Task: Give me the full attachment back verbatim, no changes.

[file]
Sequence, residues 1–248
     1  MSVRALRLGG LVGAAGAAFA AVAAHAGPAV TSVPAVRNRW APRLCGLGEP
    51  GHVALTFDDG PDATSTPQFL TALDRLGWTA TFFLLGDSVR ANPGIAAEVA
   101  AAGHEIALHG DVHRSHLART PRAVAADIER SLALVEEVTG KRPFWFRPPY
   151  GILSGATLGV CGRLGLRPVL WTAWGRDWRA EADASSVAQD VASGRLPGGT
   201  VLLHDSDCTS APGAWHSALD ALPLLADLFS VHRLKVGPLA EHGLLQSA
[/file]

Sequence, residues 1–248
     1  MSVRALRLGG LVGAAGAAFA AVAAHAGPAV TSVPAVRNRW APRLCGLGEP
    51  GHVALTFDDG PDATSTPQFL TALDRLGWTA TFFLLGDSVR ANPGIAAEVA
   101  AAGHEIALHG DVHRSHLART PRAVAADIER SLALVEEVTG KRPFWFRPPY
   151  GILSGATLGV CGRLGLRPVL WTAWGRDWRA EADASSVAQD VASGRLPGGT
   201  VLLHDSDCTS APGAWHSALD ALPLLADLFS VHRLKVGPLA EHGLLQSA